Currently, the default is to classify a document (CYA), with a justification attached for declassification. This leads to huge amounts of material that is classified for no good reason (including material that is ALREADY in the public sector in other forms).

TomSeptember 20, 2010 10:25 AM

How do you declassify a scanned photograph with an automated system?

Dirty-word detectors won't work.

RHSeptember 20, 2010 11:18 AM

Documents already come up for review at X years (I forget then number). A few orgs (like the CIA) had a tendancy to Delasify on {some code here}. They kept changing the rules so the CIA couldn't use those codes, so they make up new codes to do the same 'ol thing. No desire to have declassification.

Of course, there is _NO_ way to automatically declassify documents. The rules for what makes a document classified are not always clear, and computers are very bad at unclear directions. There's also a few binary satisfiability problems to deal with.

It might be able to pick low hangnig fruit. For example, the position of a WWII sub was definitely classified information, but doesn't say much about our modern sub placement, so a table of that data would be easy for a computer to declassify.

paulSeptember 20, 2010 7:40 PM

RH: There's an awful lot of low-hanging fruit. Think about just how much paper (or data) military projects generate and how much is nonthreatening once a project is over. And some of that information could be useful to have out in the public domain -- for example, staffing levels, vacation time and sick days taken on classified projects could be great for case studies.

AnĐľnymousSeptember 23, 2010 6:34 AM

Basically, this is a terrible idea. It's extremely difficult to decide if declassification of a document might give an enemy an advantage in excess of whatever social advantage accrues from declassifying it. An extremely difficult problem for even an expert human, and the agencies resist it because it's so hard to get right. Essentially, this is another expression of the AI problem: but one where the application is tested on a corpus so vast that it is infeasible to check its results, and the consequences of error are potentially worse that life and death.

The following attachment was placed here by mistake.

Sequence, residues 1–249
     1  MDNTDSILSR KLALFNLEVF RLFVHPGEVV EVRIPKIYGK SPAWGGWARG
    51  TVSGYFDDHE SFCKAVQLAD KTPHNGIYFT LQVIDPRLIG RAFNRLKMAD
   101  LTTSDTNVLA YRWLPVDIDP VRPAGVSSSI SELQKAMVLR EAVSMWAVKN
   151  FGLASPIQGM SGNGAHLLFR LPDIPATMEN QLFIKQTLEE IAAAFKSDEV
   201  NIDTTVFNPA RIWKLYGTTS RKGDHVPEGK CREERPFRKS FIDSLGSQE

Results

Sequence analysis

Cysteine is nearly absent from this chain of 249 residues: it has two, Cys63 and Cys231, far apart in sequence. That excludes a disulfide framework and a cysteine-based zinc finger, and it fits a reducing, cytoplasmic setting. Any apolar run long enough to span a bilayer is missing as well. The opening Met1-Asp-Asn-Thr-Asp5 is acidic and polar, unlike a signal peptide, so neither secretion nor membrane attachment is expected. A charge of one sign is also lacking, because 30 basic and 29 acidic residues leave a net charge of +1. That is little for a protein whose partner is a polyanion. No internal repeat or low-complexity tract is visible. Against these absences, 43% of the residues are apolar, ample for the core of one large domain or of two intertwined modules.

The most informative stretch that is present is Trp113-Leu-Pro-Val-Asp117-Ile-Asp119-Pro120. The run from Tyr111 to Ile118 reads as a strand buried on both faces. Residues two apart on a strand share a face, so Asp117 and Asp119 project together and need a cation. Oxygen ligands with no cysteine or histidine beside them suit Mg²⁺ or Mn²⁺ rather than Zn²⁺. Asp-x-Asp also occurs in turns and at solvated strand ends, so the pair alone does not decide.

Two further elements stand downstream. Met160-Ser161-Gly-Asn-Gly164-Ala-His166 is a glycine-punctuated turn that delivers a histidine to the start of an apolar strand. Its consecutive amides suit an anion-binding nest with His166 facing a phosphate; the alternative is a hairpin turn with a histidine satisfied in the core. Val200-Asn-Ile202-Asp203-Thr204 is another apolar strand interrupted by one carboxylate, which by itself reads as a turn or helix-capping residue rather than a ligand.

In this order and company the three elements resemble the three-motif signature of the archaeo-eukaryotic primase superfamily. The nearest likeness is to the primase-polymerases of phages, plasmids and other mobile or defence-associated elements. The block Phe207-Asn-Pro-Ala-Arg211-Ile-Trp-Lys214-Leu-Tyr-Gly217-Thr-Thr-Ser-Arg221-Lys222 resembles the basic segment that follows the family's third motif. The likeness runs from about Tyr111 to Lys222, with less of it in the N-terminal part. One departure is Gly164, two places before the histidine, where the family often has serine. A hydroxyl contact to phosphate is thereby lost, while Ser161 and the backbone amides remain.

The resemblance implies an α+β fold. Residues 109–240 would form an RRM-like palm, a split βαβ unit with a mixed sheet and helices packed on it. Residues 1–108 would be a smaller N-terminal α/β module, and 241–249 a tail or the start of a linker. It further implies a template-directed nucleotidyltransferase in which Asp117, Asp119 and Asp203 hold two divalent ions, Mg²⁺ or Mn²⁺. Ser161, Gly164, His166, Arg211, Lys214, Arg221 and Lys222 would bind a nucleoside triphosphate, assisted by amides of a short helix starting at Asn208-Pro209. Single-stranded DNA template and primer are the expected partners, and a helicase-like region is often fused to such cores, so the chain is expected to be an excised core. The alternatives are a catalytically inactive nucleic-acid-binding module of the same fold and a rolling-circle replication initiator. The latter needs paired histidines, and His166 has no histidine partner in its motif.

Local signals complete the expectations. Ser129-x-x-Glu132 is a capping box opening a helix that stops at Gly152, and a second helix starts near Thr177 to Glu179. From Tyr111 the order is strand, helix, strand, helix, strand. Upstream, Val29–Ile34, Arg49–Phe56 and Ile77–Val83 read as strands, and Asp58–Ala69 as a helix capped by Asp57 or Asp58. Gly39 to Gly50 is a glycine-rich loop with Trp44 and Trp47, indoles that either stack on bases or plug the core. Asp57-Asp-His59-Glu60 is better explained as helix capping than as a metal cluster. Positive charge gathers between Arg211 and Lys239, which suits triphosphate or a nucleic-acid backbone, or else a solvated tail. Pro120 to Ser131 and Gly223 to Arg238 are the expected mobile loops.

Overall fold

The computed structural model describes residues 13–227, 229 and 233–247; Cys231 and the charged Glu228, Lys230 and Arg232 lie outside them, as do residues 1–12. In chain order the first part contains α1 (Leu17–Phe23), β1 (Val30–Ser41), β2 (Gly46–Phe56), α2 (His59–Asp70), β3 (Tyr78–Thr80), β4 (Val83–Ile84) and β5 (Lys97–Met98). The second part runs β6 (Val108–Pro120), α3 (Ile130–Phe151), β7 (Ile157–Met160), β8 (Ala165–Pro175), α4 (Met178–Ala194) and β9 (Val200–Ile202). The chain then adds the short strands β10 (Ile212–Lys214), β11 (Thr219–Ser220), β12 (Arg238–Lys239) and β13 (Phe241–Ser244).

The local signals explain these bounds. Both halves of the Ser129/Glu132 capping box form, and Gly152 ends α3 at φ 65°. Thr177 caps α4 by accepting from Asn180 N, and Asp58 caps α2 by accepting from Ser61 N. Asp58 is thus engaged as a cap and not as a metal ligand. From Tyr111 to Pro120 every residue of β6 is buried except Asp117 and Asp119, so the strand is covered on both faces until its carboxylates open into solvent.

So why are they doing this? Because the US government has mandated that they declassify tons (literally) of documents at a break neck pace, and has not provided funding for the millions of man-hours of work required to do it. In order to comply with both government policy and practical possibility, they need to automate the process. Even though it is an idiotic thing to do. I think this is known as the law of unintended consequences.

@paul:
> There's an awful lot of low-hanging fruit. Think about just how much paper (or data) military projects generate and how much is nonthreatening once a project is over.

Having worked on such a project, I don't think there's nearly as much as you think. For example, in munitions development, everything related to developmental methods and technologies, testing, qualification for service, operations, maintenance, training etc. remains potentially damaging throughout the service life of the equipment, and frequently long after. Hence it is not "low hanging fruit."

Pretty well everything else is pulped as soon as the customer accepts delivery, because it is too costly to store, to costly to declassify, and basically worthless to the company.

> And some of that information could be useful to have out in the public domain -- for example, staffing levels, vacation time and sick days taken on classified projects could be great for case studies.

That stuff usually isn't classified to begin with; in aggregate it's usually reported in Congressional budget papers. At the personally identifiable (PII) level it's CUI ("controlled unclassified information") that is unlikely to be released within the lifetime of the person whose privacy is affected by the data. In fact the modern tendency is that when it's no longer required for tax audit purposes, it is destroyed. (It costs a lot of money to keep data confidential for decades, especially when there is absolutely no benefit to you to retain it.)